Ideally two circles formed by young people move around an imaginary circle in clockwise, anti-clockwise and diagonal directions with two sticks called "dandiyas" held in their hands, which they strike alternately to the right and left. Dandiya is a very energetic and playful dance providing opportunity for acting and exchanging messages through eye contact.
The uniqueness of dandiya from the rest is its use of colourful, musical sticks, its dress code, the scope it offers for improvisation, innovation and creativity, and the massive number of dancers in any single programme. As for sticks, they were traditionally made of bamboo. However, nowadays these sticks come in a variety of colours and kinds clattering of which should be in tune with the music played and at rhythmic intervals, are the markers of time.
Another identifiable feature of dandiya is its dress code. The dress code for women and men are different. For women it is a three-piece ghagras, cholis, and odhni. Men dress up in matching colourful traditional dhotis and aangrakha or kurtas with loads of mirrors on the dress.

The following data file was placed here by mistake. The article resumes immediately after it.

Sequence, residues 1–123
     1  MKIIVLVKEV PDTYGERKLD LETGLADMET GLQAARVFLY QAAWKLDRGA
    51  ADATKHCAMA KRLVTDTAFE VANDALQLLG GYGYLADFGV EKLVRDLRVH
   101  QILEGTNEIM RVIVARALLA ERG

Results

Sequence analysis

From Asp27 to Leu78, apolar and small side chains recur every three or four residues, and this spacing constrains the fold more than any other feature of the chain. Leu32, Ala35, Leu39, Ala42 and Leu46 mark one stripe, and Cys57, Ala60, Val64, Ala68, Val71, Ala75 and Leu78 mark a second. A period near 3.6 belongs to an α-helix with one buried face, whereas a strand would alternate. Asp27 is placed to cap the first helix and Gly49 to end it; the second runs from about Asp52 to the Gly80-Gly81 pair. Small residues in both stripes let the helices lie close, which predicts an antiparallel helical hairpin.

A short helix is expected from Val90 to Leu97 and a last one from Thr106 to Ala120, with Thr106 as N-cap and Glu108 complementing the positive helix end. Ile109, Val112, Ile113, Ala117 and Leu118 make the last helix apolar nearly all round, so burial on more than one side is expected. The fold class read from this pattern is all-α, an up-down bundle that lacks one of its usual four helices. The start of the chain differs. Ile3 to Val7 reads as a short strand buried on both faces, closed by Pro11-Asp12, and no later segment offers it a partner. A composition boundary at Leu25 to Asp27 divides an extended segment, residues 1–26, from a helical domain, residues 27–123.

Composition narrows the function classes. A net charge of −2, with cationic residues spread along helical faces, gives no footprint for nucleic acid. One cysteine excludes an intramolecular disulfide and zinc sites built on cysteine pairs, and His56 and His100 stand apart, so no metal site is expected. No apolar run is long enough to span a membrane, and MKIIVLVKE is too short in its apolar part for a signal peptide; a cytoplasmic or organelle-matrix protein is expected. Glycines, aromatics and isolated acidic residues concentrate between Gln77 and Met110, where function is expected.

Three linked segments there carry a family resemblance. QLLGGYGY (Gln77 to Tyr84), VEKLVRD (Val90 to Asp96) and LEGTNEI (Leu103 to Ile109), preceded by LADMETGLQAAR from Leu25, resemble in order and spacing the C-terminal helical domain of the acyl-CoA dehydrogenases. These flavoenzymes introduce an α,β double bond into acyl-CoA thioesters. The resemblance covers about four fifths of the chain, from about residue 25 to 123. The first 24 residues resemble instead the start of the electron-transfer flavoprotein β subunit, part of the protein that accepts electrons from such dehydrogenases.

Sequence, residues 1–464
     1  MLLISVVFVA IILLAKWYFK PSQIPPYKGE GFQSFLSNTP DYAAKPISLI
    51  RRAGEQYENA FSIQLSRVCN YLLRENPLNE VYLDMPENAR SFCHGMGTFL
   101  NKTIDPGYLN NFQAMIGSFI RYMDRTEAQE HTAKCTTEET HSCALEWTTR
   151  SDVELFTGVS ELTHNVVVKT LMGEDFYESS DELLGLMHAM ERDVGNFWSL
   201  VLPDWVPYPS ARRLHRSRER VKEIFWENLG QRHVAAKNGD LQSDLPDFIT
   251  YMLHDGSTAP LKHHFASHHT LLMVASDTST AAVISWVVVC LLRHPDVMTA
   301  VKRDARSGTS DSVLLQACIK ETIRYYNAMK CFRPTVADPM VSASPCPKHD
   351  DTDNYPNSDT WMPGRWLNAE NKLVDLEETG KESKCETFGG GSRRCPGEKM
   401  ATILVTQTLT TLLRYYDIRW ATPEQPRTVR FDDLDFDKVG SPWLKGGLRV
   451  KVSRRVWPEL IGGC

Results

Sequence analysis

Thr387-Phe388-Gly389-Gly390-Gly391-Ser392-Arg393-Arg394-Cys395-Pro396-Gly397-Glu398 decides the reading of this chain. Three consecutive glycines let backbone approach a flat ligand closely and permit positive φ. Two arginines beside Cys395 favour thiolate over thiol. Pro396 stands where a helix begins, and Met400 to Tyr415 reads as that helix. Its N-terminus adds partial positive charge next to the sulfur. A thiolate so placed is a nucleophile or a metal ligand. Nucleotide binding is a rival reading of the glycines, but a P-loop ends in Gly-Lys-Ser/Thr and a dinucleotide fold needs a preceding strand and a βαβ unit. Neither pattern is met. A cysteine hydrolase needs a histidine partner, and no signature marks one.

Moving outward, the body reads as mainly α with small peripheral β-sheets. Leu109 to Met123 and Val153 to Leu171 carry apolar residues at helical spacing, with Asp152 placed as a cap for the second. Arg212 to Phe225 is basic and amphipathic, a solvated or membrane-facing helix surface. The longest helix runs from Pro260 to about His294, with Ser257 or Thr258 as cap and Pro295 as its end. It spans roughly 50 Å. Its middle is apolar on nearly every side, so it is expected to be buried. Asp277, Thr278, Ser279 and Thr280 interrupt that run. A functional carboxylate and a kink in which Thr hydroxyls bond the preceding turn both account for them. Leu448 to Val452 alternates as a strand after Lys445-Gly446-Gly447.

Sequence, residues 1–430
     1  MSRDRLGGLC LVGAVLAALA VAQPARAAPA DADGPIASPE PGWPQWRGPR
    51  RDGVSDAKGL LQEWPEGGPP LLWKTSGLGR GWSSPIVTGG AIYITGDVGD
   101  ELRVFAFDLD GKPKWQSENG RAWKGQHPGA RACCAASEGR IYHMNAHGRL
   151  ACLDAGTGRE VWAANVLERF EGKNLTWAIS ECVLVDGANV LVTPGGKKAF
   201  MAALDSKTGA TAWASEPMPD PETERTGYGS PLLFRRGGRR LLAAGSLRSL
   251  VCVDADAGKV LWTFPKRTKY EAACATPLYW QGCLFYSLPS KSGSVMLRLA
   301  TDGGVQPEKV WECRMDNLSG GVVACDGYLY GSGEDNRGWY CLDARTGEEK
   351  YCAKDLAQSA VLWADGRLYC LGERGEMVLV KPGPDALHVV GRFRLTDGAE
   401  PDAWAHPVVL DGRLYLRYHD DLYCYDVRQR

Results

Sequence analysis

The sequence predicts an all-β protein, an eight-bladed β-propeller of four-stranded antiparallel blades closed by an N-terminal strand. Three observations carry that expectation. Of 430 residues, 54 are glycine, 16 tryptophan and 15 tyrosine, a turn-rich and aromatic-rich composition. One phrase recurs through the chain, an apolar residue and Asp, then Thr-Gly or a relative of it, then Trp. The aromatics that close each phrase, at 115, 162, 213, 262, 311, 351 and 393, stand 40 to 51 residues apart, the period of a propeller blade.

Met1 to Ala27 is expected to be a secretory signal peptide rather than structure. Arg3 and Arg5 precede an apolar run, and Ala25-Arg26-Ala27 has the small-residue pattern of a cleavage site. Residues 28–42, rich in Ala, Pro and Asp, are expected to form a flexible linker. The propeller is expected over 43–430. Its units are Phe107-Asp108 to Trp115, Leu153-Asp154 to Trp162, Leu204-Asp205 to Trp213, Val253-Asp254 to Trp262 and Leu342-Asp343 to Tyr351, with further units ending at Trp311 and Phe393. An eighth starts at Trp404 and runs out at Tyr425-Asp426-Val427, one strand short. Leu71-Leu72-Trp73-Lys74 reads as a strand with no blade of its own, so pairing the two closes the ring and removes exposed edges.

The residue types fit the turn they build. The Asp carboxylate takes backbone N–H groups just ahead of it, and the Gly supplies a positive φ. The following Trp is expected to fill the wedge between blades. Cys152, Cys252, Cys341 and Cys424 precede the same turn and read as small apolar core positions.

Dandiya was secular in its origin and has intimate relation with the common man’s life of the day. It was originally performed only by men with long sticks in their hands and was designed to serve as learning modules for practice of footwork for sword fighting. This dance with fast movements was a dance of martial arts variety. Further, it was accompanied by a percussion instrument 'meddale' drummer who stands at the centre of the circle and leads the dance with the rhythmic beats. The public performance of dandiya, corresponds to the agricultural cycle of the region.
This folk dance of India enlaced with its entire colour, magic, verve and zest has now crossed the boundaries of pits, galleries and country borders whilst reaching the western world to illustrate the true colour of India.